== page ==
The Burns Lake Band (BLB) is planning to create dozens of jobs for its approximately 130 members and the surrounding community.
The band has recently received $2 million from the provincial government to build a biofuel plant in the Burns Lake area.
“I think it’s an important step for the Burns Lake Band and the whole community of Burns Lake,” said BLB Chief Dan George. “Everybody’s interested in jobs and having a better future for themselves and their families.”
The project not only includes building a biofuel plant, but also a greenhouse and an inland fish farm. Once completed, the project is expected to create about 60 positions.
“And then there’s all the spin-off jobs in the bush for logging and hauling.”
Chief George said the fish farm alone would ensure that band members have access to fish while saving the band thousands of dollars each year.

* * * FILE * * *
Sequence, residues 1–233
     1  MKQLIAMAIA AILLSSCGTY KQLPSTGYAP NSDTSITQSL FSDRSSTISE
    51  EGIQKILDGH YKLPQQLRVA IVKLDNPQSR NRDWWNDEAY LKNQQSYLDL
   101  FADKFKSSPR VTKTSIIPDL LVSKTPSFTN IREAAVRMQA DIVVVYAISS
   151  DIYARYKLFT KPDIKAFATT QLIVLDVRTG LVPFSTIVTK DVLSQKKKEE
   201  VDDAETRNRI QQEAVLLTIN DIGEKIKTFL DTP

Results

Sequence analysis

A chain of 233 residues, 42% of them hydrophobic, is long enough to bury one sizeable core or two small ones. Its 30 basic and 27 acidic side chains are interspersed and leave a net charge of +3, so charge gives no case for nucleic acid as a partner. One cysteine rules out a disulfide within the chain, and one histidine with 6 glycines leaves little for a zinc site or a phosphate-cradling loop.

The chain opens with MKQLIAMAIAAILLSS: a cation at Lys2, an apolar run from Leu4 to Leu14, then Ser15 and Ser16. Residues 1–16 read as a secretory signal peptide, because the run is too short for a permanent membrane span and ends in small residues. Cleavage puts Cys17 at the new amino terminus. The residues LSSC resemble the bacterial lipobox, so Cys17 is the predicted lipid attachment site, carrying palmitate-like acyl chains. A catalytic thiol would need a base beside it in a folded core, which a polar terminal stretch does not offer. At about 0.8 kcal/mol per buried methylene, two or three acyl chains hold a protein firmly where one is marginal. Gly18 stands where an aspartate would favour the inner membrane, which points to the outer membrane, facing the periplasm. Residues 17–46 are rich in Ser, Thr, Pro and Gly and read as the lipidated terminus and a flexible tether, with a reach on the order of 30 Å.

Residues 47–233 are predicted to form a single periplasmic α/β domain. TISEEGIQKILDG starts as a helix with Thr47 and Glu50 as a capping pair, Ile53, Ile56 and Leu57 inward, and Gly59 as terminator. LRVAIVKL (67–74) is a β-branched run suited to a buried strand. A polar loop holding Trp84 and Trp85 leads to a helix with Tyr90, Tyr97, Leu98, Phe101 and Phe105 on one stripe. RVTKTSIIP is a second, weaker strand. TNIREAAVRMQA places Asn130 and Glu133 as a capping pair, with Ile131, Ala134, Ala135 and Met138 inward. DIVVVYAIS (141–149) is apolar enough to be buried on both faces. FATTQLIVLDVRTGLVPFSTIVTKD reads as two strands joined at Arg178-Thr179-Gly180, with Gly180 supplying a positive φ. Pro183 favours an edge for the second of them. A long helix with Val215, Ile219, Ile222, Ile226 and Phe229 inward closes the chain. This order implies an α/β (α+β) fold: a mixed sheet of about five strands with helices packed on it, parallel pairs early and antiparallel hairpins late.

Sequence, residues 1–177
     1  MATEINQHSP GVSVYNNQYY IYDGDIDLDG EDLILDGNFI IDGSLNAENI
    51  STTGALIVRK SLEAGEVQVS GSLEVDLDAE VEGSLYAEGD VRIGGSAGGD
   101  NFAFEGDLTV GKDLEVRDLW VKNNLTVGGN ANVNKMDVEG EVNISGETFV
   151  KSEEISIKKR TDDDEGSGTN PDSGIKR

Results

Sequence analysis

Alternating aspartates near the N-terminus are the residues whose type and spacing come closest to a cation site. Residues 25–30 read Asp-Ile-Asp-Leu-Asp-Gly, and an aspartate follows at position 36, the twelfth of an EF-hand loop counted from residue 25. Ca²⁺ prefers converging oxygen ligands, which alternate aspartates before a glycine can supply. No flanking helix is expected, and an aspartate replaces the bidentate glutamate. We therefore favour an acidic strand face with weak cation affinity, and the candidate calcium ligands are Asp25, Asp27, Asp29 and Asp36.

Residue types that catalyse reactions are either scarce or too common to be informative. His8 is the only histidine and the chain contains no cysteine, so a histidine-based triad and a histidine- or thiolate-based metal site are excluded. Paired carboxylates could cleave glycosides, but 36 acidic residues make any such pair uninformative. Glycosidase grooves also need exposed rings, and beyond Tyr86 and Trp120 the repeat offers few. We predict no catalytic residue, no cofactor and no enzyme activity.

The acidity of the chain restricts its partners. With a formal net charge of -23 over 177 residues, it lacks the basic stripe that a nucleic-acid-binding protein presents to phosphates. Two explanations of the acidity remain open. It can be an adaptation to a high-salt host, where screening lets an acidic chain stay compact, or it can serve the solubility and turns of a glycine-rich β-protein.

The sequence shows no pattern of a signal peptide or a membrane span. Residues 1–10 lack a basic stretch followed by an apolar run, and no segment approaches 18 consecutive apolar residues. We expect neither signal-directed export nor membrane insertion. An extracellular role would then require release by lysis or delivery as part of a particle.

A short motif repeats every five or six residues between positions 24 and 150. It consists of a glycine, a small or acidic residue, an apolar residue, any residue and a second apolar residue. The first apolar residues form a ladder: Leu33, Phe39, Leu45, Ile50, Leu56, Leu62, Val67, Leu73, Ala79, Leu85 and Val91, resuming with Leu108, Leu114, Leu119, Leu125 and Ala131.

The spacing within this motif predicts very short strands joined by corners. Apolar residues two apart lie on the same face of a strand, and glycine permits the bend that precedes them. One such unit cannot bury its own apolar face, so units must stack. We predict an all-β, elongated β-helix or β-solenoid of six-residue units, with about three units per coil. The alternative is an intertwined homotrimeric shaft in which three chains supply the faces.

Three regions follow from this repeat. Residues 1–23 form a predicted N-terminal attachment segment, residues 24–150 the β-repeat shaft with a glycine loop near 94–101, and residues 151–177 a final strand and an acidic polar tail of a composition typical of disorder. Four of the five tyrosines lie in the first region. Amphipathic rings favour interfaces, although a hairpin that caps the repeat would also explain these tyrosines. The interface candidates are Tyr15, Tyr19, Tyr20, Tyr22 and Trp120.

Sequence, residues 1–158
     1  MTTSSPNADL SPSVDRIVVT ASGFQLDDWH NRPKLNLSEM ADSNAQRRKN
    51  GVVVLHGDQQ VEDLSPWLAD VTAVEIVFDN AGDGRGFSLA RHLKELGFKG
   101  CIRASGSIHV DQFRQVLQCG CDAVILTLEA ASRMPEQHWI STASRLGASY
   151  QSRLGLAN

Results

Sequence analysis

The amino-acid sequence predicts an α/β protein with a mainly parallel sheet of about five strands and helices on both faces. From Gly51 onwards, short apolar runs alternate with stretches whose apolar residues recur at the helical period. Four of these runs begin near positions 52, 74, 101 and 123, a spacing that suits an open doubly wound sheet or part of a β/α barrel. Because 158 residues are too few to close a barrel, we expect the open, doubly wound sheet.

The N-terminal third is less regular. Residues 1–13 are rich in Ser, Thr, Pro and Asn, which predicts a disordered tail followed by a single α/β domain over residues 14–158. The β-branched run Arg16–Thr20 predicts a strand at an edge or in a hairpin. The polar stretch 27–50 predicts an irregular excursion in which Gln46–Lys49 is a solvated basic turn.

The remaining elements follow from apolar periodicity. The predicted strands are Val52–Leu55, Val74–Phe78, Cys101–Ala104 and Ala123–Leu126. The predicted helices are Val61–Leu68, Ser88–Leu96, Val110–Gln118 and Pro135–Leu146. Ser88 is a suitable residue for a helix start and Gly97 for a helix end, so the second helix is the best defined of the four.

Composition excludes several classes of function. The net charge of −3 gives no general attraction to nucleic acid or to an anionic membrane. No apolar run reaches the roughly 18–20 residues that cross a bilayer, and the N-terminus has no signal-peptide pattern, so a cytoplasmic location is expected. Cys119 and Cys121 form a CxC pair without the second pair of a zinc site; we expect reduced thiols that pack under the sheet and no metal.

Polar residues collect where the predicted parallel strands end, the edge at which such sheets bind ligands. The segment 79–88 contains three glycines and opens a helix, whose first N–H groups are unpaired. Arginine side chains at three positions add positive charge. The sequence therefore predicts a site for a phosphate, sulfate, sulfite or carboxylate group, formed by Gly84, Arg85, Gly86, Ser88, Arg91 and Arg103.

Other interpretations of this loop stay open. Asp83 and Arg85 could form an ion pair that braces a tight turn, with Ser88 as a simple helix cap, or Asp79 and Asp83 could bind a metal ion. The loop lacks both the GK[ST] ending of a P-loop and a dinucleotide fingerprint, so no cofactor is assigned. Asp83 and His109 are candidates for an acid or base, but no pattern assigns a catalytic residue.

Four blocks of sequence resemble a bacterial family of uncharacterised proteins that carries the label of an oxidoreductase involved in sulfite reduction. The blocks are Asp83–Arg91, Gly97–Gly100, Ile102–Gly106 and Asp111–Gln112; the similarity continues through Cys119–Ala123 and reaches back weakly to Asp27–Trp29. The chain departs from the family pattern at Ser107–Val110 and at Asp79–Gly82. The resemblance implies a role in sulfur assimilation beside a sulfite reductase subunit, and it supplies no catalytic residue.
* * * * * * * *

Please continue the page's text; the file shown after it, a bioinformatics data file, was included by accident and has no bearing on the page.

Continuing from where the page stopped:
“We buy fish every year out of Prince Rupert for our band members, about 500 fish,” he explained. “That’s about $10,000 a year buying fish.”
The estimated cost of the project is $60 million, which he hopes will be paid largely by investors such as the Hillcore Group.
The location of the project still hasn’t been picked. Chief George expects that construction will start in 2017 and take at least two years to be completed.
“We’re still working on accessing enough fibre to run it [the biofuel plant],” he said. “I’m hiring companies to track down this timber.”
The band is also considering starting a “hybrid forest” in which trees could be fully grown within three years.
“It’s one good option for the future so that we don’t have to chase fibre,” he said. “So we grow our own [fibre] and grow it in rotation to sustain the plant.”
Chief George said the band has been planning to build the biofuel plant for about a year and a half. The main goal of this project will be to create jobs and increase the band’s revenue while reducing the band’s dependence on the federal government.
“As First Nations, no matter how bad the economy goes, we’re always here,” he said. “We need to revitalize our culture and we can’t do that without having more money.”
Earlier this year the Burns Lake Band inaugurated their $8-million hotel called Key-oh Lodge. The 42-room hotel employs five front desk attendants, two housekeepers and a general manager.